Bamboo Important In Fight Against Climate Change
By Leocadia Bongben
Experts of the International Network for Bamboo and Rattan, INBAR have underscored the importance of bamboo in the fight against climate change especially with the carbon credit scheme and the restoration of the ecosystem.
It was in this light that the Minister of Forestry and Wildlife Ngolle Philippe Ngwese chaired the regional conference on the potential of bamboo and rattan, non-timber forest products known for their unique role in environmental sustainability and fight against poverty held in Yaounde from August 11-12.
INBAR Director Hans Friedriech told the conference that cutting bamboos can lead to deforestation; reduction of forest cover and on the same token can help in the sustainable use of resources and avoid cutting forest.
“Bamboos are grasses that grow very fast, so when cut, the following year new roots grow up and this goes on year after year making it a very sustainable plant which can be used for many different purposes.Because the bamboo grows so fast it plays an important role in green house carbon emissions, it absorbs more CO2 than trees and within a period of time is a veritable carbon sink”, Friedriech explained.
He added that if the world is getting into a new carbon credit scheme where trading can be done by avoiding emissions then companies can start using bamboo to compensate for their CO2 emissions, a real economic asset.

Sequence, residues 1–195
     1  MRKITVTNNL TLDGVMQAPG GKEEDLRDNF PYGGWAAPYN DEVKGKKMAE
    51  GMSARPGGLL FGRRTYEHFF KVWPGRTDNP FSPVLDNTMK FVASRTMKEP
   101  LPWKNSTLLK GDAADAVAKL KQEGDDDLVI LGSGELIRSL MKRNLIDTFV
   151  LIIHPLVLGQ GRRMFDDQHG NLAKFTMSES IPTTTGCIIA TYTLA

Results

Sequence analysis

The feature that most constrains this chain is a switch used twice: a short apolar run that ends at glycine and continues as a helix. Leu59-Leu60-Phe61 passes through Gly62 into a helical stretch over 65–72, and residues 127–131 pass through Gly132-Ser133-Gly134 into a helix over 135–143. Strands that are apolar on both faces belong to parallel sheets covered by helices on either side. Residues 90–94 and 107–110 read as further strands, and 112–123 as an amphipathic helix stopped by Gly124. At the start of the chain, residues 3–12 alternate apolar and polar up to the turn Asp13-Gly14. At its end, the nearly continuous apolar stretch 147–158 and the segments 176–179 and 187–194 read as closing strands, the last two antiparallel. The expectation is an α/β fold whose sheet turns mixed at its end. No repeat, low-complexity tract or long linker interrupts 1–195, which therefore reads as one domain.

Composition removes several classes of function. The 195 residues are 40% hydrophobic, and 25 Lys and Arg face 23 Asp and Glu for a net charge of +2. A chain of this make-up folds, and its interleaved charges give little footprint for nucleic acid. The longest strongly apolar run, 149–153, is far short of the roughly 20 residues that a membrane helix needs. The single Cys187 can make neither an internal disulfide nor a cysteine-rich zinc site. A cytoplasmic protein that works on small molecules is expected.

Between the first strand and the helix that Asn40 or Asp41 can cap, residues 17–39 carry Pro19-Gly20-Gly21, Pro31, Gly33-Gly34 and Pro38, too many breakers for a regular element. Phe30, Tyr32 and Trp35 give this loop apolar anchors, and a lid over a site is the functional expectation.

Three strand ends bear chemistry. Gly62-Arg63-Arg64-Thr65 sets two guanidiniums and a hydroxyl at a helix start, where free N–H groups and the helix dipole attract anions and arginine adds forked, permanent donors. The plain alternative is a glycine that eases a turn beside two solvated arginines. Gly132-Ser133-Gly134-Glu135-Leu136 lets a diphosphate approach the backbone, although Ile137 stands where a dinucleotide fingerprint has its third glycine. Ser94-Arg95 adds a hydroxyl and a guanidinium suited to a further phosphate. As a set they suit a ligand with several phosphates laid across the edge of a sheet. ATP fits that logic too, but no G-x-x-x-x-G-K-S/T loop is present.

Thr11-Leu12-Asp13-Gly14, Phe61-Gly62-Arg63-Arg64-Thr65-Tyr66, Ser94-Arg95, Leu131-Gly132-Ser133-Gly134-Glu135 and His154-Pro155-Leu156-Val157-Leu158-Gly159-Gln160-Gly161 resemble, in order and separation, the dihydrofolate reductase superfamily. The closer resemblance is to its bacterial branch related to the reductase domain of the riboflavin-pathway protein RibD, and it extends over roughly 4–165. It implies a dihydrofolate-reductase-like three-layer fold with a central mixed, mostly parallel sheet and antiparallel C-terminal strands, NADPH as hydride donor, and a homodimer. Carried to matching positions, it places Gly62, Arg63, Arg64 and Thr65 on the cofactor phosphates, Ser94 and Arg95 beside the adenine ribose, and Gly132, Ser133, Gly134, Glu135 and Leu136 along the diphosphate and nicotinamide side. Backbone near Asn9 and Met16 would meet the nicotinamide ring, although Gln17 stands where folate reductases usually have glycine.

Denis Sonwa, Regional Centre for International Forestry Research expert maintained that the bamboo is under pressure in central Africa, through deforestation, which means carbon emissions contribute to climate change and on the other hand can be a solution for reafforestation on degraded soil.
“The bamboo grows on degraded soils and can contribute to soil restoration. Using bamboo to make money at the same time is adapting to climate change, being useful for Reduction of Emissions from Deforestation and Degradation,REDD, the bamboo can contribute to the synergy between adaptation and mitigation of climate change.
INBAR is there to help Cameroon discover its potentials, the value chain of bamboo is impotant and has a potentail to be exploited taking the exampleof China with about 8 million people in the bamboo sector for a revenue of 30billion dollars per year.
In 2013 Cameroon signed a Memorandum of undertanding, MOU with INBAR to knit cooperation ties, improve valorisation of bamboo and rattan in Cameroon, Central and West Africa.
Within this context, training has been going on to develop the industry more with about 100 projects initiated. The result of the training Friedriech says is impresive with the production of handicraft, artifacts and jewelry. However he underlined the need to do more to improve the quality, bring in new designs and add value to make things bigger and better and find regional and international markets.
Cameroon bamboo and rattan can not yet be quantified but an inventory is being carried out in the Centre, South and Littoral and Southwest regions. Though Cameroon has only one main bamboo specie, several others were introduced years ago and in the world there are about 1600 species which can go for different uses.
To ensure sustainable use of the bamboo, there is need to expand and plant new bamboo though the root systems of the bamboo is so strong that when cut they may not disappear.The challenge however, is for actors to understand and capture the potentials.
Attended by experts from Nigeria and Liberia among others the conference ended with experts agreeing to draft a national plan on the promotion of bamboo and rattan in relation to their economic benefits, elaborate a national public policy, professionalize and support development of the sector and create awareness on the value of natural resources in order to better win the war against poverty.